Ethel Biron commented, “people think it was a soft option, but it was hard work. You only had one month local leave in a two and half year tour. And as Nursing Sister, you found yourself in charge of a whole hospital”.
Both Brian and Ethel learned Swahili in Zanzibar, “It would have been very easy to spend all your spare time playing tennis or swimming”, explained Ethel, “but it seemed essential to me to get on with learning Swahili, which I did, and got my exam in ten months. So I did speak the language fluently, and that’s one of the reasons they asked me to be Nursing Tutor when I was back there in 1957 with Hugh.
“The common diseases,” she said, “were malaria, leg ulcers, hookworm, chest infections, and falling out of coconut trees – not exactly a disease – but very common”.
There was also leprosy in Zanzibar then. Brian found himself charged with the task of handing out Eid-el-Fitr presents to the lepers in the colony at Wete, “I can remember I went up with the District Medical Officer, who said ‘It’s perfectly alright, they’ll all want to shake hands with you though they may not have hands, but whatever they offer; shake it”‘.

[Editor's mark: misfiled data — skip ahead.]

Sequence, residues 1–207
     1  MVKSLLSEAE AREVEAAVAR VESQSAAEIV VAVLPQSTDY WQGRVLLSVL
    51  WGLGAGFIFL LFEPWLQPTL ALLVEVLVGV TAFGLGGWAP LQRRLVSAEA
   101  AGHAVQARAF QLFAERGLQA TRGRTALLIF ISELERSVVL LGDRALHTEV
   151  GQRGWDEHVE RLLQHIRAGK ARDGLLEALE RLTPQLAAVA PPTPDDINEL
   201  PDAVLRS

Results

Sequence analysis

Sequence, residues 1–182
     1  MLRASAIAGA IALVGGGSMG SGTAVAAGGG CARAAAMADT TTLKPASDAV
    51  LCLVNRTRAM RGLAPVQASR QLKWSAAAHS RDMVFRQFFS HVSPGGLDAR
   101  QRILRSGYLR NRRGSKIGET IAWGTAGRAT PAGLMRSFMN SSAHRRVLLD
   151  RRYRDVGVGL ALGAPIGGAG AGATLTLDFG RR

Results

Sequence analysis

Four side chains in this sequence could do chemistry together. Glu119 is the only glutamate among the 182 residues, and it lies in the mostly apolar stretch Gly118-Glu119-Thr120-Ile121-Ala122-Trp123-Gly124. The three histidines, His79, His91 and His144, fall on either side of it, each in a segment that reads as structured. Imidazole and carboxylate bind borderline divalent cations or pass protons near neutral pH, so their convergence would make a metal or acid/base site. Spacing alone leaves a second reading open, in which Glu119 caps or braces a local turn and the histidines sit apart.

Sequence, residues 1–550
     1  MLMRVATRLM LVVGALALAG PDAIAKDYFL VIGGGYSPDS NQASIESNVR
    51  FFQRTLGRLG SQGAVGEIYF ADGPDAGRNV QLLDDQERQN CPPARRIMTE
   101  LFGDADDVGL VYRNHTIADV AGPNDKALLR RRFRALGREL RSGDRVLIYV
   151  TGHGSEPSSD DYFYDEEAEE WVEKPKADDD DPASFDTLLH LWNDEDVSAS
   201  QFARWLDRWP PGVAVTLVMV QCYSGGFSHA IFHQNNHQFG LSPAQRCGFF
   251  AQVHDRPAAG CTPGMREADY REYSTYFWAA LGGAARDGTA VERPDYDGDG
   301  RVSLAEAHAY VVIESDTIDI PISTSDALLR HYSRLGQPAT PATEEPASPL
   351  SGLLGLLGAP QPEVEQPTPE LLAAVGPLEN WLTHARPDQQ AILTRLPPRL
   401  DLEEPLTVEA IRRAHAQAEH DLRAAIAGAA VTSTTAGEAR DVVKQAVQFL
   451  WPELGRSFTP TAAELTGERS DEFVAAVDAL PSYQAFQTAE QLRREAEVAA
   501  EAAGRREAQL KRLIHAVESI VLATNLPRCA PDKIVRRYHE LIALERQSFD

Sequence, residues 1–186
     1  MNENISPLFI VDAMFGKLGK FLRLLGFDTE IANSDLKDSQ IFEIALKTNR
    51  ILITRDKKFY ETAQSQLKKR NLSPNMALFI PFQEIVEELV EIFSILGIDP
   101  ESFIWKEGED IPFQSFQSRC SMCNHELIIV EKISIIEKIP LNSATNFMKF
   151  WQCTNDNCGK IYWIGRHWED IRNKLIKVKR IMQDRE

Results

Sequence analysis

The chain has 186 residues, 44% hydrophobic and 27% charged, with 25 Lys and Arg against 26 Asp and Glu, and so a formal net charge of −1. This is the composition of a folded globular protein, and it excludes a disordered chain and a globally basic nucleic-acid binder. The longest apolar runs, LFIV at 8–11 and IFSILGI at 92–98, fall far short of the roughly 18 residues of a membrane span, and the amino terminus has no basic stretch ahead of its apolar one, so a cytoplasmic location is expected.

Another lost aspect of colonial life – which looms large in the fiction and mythology of the times – is ‘The Club’. “There was what was called the English Club”, explained Ethel Biron, “to which one belonged as a matter of course. Somebody else on the staff would sign about your good character although you’d only been there for a few days, and you joined. It was somewhere to meet people not connected with the medical department. The Sultan’s band used to play there once a week and that was great fun”.